Cite as: People v. Alexandra Schmid, 1385/12, NYLJ 1202638482741, at *1 (Sup. QU, Decided January 9, 2013)

1385/12

Justice Robert Charles Kohm

Decided: January 9, 2013

DECISION AND ORDER

Mapp/Huntley/Dunaway/Wade Hearing

 

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The defendant is charged with grand larceny in the third degree (3 counts), criminal possession of stolen property in the third degree (3 counts), criminal possession of stolen property in the fourth degree, scheme to defraud in the second degree, and official misconduct (8 counts). After the defendant moved to suppress evidence, this Court conducted a Mapp/Huntley/ Dunaway/Wade hearing on March 25, November 14 and November 15, 2013. Detective Thomas Eddings and Special Agents Michael Mischler and Bill Meditz testified on the People's behalf. I find the testimony of these officers fully credible, and I make the following findings of fact and conclusions of law.

FINDINGS OF FACT

On February 1, 2012, at approximately 9:13 P.M., Detective Eddings, who was assigned to the Port Authority of New York and New Jersey, was investigating a complaint by an international traveler, Momin Lultan Ahmed Ullah, who alleged that $5,000.00 in U.S. currency had been removed from a jacket that he had placed on a Transportation Security Administration (TSA) screening belt, earlier that evening at Terminal 4 of JFK airport. The complainant had already departed on his scheduled flight,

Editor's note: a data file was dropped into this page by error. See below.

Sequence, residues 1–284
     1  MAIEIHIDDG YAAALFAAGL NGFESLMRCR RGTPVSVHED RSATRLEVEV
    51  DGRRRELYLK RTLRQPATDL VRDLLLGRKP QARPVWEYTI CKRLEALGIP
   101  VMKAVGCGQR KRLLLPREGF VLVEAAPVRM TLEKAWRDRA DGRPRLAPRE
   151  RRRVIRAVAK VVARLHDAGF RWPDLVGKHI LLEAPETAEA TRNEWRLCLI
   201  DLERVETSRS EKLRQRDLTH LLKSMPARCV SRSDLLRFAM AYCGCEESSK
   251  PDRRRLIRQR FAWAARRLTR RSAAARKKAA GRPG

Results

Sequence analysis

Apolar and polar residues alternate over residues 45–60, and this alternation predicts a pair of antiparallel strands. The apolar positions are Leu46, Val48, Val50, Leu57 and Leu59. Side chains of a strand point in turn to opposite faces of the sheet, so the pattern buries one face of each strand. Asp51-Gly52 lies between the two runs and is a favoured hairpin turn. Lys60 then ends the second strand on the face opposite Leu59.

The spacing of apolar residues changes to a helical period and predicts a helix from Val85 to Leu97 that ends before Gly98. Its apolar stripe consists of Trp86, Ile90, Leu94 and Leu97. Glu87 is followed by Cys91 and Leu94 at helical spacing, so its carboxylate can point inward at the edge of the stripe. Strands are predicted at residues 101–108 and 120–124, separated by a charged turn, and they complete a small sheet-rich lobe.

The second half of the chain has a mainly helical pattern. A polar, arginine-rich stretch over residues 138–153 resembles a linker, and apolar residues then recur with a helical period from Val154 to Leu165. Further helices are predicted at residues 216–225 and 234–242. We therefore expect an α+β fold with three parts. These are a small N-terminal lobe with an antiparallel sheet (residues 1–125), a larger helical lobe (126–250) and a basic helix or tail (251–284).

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but Eddings spoke with another Port Authority officer, Officer Oipromalla, who had spoken to the complainant before he boarded his plane. Oipromalla told Eddings that Ullah had stated that fifty $100 bills had been taken from his jacket.

Eddings next spoke to a fellow TSA employee of the defendant's, who told him that at the relevant time she had observed the defendant place her hand into a jacket on the conveyor screening belt after requesting that it be stopped, and that she had then observed the defendant remove a white envelope from the jacket and pull her blue screening gloves over it. She also told Eddings that as soon as the passenger had claimed the jacket he said, "Where is my money? Somebody has taken my money." The co-worker also told Eddings that the defendant left her post after the incident.

Both the defendant and her co-worker were brought to the Port Authority precinct located within the airport. Eddings advised the defendant of her Miranda rights. The defendant acknowledged understanding her rights, but then declined to speak with the Detective. She was not questioned. At approximately 11:35 P.M., the defendant was arrested and searched. A cell phone and wallet, which contained five $100 bills, were recovered and vouchered. The vouchers were admitted into evidence at this hearing as People's Exhibit #s 1 & 2.